Hyundai Kona review - Reliability and safety
Well known engines but an all-new platform beneath them. Decent Driver Power manufacturer score, though
The Kona features an intriguing mix of old and new. Its turbocharged petrol engines are relatively proven units from elsewhere in the company's line-up, but the mechanical components underneath them - the chassis, in other words - was entirely new in the Kona.
In our 2020 Driver Power satisfaction survey, customers voted Hyundai into 13th position out of 30 manufacturers - a rise of 9 places from 2019 and an indicator that the brand is delivering in key areas. The Kona also made an appearance in the latest poll, achieving 60th place out of 75 cars.
All cars get front, front side and curtain airbags, driver attention alert, lane-keep assist and hill-start assist control. Euro NCAP safety-tested the Kona in 2017 and awarded it a top five-star rating. Adult protection scored 87%, while security for child occupants was rated at 85%.
Some of the more expensive editions include rear cross-traffic alert and the range-topping Premium GT model gets a safety pack that brings pedestrian recognition as part of an autonomous emergency braking system. It's good to see, too, that this top-line feature is available as an option, even on the most basic S trim level.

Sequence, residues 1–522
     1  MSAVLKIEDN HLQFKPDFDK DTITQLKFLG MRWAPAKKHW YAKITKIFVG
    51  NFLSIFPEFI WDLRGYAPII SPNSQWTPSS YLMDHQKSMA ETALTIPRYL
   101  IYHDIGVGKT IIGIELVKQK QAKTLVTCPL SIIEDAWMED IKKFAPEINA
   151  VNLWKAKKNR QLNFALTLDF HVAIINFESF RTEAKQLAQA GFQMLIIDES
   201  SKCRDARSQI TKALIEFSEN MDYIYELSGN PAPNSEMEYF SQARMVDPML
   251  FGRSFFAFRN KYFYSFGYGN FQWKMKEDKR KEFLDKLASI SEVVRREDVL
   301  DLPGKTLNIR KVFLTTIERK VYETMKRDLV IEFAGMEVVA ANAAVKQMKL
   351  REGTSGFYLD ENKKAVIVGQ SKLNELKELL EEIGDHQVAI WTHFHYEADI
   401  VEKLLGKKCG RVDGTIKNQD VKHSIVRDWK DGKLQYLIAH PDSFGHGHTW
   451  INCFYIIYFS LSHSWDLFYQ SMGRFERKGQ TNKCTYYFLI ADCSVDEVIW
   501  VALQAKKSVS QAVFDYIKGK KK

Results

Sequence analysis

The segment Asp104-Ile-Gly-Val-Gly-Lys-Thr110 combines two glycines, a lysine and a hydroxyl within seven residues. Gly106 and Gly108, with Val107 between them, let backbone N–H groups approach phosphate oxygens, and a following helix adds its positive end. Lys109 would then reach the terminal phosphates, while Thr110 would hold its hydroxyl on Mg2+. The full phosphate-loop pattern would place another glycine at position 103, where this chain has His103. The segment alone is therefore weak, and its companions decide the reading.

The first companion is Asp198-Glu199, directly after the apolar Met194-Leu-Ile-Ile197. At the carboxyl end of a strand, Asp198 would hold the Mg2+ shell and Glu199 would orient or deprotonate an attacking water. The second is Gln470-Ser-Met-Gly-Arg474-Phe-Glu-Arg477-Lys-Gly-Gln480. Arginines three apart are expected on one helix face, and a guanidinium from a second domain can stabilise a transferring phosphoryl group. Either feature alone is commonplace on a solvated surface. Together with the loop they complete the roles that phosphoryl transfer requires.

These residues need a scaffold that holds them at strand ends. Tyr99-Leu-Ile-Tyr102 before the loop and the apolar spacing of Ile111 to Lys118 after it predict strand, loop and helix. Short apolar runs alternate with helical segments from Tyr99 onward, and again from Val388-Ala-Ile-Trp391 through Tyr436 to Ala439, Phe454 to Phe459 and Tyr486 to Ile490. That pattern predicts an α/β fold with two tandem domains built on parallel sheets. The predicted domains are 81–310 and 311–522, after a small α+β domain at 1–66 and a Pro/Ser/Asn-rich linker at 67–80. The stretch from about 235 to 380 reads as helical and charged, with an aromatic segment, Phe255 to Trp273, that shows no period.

Hyundai has one of the strongest warranty packages on the market, and the Kona gets the same level of cover as any of the Korean brand's other offerings. That means a five-year warranty with unlimited mileage; only Kia's seven-year deal offers a longer period of cover.
Hyundai's package also includes five years of annual vehicle health checks, five years of roadside assistance, and a 12-year anti-perforation warranty.
Kona service schedules are every 12 months, and costs remain fairly reasonable. Hyundai offers customers their Service Plan option, which helps to manage fixed maintenance costs. You can configure your service plan based on the model and age of your car, your mileage and plan duration. These details are then used to determine the cost of your plan, bearing in mind recommended service requirements and any necessary MOTs.
In this review
- 1Hyundai Kona reviewThe Hyundai Kona has funky looks, but the driving experience is firmly in the middle of the pack
- 2Engines, performance and driveThe Kona isn't involving to drive, and while it stays pretty composed in corners, the ride gets jittery as soon as the road surface worsens
- 3MPG, CO2 and Running CostsPetrol models are a little thirsty, but the efficient hybrid model is among the cheapest cars in its class to fuel and tax
- 4Interior, design and technologyExterior styling will split opinion. There's decent scope for personalisation, and the infotainment system is pretty easy to use
- 5Practicality, comfort and boot spaceNot the biggest car in the class, and the suspension set-up means it never quite settles down on bumpier roads
- 6Reliability and Safety - currently readingWell known engines but an all-new platform beneath them. Decent Driver Power manufacturer score, though